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Leaf nitrogen content estimation using top-of-canopy airborne hyperspectral data
International Journal of Applied Earth Observation and Geoinformation  (IF5.933),  Pub Date : 2021-10-12, DOI: 10.1016/j.jag.2021.102584
Rahul Raj, Jeffrey P. Walker, Rohit Pingale, Balaji Naik Banoth, Adinarayana Jagarlapudi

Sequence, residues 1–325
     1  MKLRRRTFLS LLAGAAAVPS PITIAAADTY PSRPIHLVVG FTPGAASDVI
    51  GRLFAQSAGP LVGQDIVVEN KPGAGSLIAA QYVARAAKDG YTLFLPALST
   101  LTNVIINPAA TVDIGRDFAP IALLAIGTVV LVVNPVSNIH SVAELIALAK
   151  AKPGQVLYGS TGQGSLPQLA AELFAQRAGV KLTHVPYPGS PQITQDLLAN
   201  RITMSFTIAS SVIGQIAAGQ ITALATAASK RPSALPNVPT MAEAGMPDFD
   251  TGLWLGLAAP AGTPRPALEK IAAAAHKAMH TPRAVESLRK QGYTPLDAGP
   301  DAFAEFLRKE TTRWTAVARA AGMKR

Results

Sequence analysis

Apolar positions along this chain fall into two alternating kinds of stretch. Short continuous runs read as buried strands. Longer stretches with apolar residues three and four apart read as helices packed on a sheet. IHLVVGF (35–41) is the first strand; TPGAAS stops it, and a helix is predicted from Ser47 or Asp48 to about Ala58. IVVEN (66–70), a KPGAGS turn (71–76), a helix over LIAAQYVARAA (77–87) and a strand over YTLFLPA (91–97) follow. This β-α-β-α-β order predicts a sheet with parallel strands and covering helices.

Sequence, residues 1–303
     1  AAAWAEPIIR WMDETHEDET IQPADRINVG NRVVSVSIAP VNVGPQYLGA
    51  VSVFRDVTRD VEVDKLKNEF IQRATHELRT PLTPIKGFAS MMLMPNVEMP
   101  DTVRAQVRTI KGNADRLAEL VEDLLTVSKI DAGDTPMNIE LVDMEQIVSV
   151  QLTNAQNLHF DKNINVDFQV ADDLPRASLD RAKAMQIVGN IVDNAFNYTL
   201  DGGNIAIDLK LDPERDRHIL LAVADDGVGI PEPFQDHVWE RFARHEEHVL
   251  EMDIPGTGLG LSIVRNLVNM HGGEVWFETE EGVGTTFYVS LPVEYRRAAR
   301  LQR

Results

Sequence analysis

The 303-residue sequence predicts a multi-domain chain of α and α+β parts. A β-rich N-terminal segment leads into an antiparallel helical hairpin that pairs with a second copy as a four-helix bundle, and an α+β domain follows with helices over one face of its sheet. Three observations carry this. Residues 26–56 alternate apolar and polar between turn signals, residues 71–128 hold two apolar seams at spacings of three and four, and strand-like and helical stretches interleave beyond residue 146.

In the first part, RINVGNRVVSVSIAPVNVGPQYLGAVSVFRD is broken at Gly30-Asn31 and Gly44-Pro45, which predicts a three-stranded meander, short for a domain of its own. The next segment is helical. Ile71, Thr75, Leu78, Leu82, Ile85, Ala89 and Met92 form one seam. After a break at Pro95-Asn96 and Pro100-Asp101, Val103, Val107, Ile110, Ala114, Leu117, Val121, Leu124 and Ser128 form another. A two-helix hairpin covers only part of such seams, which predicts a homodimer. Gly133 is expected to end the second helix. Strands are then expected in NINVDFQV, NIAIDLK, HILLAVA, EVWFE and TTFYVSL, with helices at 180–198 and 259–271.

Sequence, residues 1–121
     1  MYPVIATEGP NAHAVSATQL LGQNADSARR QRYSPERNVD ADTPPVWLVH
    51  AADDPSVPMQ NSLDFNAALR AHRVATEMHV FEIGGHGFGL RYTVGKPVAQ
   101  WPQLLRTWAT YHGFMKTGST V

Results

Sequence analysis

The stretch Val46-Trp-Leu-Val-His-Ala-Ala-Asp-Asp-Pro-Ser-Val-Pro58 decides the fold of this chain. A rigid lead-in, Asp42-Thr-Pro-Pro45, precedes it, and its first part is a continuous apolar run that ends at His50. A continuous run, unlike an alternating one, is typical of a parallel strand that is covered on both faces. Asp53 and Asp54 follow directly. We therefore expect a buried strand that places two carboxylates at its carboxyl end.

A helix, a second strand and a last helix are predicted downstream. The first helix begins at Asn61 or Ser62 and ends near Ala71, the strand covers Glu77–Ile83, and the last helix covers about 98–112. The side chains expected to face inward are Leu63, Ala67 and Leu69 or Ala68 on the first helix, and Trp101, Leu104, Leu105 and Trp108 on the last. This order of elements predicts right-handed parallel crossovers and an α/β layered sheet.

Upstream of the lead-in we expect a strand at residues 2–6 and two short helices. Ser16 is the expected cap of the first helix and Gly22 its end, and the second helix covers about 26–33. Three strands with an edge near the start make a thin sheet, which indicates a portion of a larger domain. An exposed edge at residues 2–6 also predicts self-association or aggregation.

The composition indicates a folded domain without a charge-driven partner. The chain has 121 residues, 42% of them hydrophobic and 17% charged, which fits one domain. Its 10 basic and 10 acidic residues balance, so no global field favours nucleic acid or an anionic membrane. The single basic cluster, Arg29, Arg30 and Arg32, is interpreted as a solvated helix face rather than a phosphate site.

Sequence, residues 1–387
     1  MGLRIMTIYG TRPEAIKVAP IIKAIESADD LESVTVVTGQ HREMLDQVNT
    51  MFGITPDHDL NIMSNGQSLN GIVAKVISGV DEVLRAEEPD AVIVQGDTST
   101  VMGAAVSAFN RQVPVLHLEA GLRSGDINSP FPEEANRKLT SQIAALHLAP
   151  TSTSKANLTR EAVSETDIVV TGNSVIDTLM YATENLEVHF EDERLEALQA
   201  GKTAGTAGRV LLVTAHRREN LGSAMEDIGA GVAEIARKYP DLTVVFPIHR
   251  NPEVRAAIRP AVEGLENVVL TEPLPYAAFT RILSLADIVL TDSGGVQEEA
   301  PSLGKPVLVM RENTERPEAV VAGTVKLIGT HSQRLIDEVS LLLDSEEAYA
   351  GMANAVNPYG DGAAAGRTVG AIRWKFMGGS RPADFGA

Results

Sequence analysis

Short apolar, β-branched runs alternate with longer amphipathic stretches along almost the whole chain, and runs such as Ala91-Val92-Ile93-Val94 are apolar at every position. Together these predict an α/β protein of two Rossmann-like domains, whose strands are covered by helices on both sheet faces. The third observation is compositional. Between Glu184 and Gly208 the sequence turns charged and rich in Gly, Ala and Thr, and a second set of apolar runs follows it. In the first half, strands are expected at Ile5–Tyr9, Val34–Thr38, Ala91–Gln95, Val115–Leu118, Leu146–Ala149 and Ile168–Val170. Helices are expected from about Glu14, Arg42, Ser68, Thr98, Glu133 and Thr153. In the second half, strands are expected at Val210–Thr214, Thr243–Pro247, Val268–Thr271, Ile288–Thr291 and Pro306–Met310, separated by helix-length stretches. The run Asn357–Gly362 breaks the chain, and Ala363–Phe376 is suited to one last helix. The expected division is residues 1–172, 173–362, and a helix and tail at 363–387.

Remote estimation of leaf nitrogen content is a critical requirement for precision farm management. Precise knowledge of nitrogen distribution in the crop enables farmers to decide the fertilisation amount required at specific locations on the farm. Importantly, nitrogen related molecules in plants are transported using water molecules, and water molecules surround the amide bonds (a plant protein created from nitrogen). Consequently, the nitrogen in various crop parts loses its activity in the absence of sufficient water molecules. The association of water molecules around plant proteins makes the optical remote estimation of plant nitrogen challenging as nitrogen and water molecules simultaneously affect the reflectance data. Moreover, the coarse spatial resolution of satellite data and sparse canopy coverage at early growth stages of the crop make it challenging to estimate leaf-level nitrogen contents. Accordingly, this research developed a leaf nitrogen content estimation model using drone-based top-of-canopy 400–1000 nm pure pixel hyperspectral images collected from a maize research farm treated with different water and nitrogen levels. Leaf level spectral signatures were also collected using a field spectroradiometer and used to identify indices more sensitive to nitrogen than water. The leaves were also destructively sampled for obtaining ground truth leaf water and nitrogen content. Red-edge region bands of electromagnetic spectra were identified to be sensitive to leaf nitrogen content. A synthetic data was created using maximum and minimum values of these indices and crop growth stage information, which was further used for training a gradient-boosting machine model to estimate leaf nitrogen content from drone-based hyperspectral images. The estimated leaf nitrogen content values from drone observations were critically analysed with respect to leaf water content values. For water-stressed areas, the model gave an R2 and RMSE of 0.63 and 2.74 mg/g, respectively. However, the model did not perform adequately for well irrigated areas, having an R2 and RMSE of 0.26 and 4.54 mg/g, respectively.